In Europe, it made great sense that President Bush and his team sought to ensure American dominance over the continent’s security after the end of the Cold War. As Timothy Andrews Sayle has written in his brilliant history of NATO, “When American officials considered their response to changes in Europe, they looked to Europe’s past. And the past was not promising.” The lessons of the twentieth century seemed clear. The United States abandoned the continent after World War I, and another world war erupted two decades later. The United States remained after World War II and enabled a prosperous, free, and peaceful Western Europe to develop. Using a term like “primacy” to describe U.S. policy after the end of the Cold War (a policy many in Europe eagerly sought from Washington) seems helpful for understanding trends rather than sounding imperious.
The authors are similarly dismissive of academic discussions of the transition from the Ronald Reagan years to the George H. W. Bush administration: “There is a large historical commentary about the so-called policy ‘pause’ in the first half of 1989. The argument fits preconceptions, including partisan ones, about a supposedly much too cautious and unimaginative president.” And they go on to suggest that “most of the literature on the ‘pause’ tends to ignore [Secretary of State James] Baker” (451).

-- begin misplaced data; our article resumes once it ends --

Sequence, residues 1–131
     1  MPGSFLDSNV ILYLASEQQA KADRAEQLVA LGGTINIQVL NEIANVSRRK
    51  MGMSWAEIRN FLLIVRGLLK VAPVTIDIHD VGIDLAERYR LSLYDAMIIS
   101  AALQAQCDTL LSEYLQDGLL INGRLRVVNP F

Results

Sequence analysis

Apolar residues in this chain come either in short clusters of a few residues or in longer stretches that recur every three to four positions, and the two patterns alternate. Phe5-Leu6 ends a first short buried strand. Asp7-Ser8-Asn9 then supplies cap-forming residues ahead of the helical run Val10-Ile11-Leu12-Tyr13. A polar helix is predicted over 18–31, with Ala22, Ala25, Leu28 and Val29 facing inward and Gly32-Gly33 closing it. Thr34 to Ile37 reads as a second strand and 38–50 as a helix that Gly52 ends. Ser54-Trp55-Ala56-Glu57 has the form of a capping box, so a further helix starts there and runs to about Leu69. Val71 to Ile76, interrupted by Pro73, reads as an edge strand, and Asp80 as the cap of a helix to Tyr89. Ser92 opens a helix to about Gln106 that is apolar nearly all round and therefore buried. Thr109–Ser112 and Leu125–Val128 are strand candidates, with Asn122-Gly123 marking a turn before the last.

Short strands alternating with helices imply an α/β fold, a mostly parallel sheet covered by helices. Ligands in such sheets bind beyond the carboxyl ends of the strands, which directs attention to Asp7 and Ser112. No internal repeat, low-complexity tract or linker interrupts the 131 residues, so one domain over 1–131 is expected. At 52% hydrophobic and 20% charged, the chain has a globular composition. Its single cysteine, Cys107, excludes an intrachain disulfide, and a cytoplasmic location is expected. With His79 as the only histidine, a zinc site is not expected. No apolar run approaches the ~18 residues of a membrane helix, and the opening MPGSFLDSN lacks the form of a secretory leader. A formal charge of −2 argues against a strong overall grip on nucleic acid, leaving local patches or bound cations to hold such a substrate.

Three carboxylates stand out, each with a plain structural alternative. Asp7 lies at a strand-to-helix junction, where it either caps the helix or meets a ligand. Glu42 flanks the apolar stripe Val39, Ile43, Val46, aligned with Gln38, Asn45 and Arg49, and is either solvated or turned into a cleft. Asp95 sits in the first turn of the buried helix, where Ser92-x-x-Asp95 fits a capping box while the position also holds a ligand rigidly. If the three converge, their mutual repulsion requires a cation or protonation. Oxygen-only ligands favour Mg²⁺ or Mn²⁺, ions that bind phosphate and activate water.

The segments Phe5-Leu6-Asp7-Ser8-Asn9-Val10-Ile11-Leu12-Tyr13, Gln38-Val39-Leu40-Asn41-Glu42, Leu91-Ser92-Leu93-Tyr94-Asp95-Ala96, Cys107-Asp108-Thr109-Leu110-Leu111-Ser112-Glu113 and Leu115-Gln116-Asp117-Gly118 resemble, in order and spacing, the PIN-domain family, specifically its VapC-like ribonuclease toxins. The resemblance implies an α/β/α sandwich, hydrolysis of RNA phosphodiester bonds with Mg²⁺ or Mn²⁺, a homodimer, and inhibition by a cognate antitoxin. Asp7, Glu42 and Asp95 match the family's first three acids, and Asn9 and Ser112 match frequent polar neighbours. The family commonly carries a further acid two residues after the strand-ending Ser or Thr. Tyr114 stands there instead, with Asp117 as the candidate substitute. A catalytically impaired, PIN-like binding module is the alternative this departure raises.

Outgoing Secretary of State George Shultz expressed his concerns that the new team failed to understand that the Cold War was already over. The incoming Bush administration’s attitudes certainly left Soviet leader Mikhail Gorbachev fuming. As Jeffrey Engel writes, “[H]e understood that Bush’s prospective pause would consume the one commodity he could ill afford to lose: time. The longer Bush waited to endorse perestroika, and the longer foreign governments and investors waited to send aid and extend credit, the less likely his prospects for success.”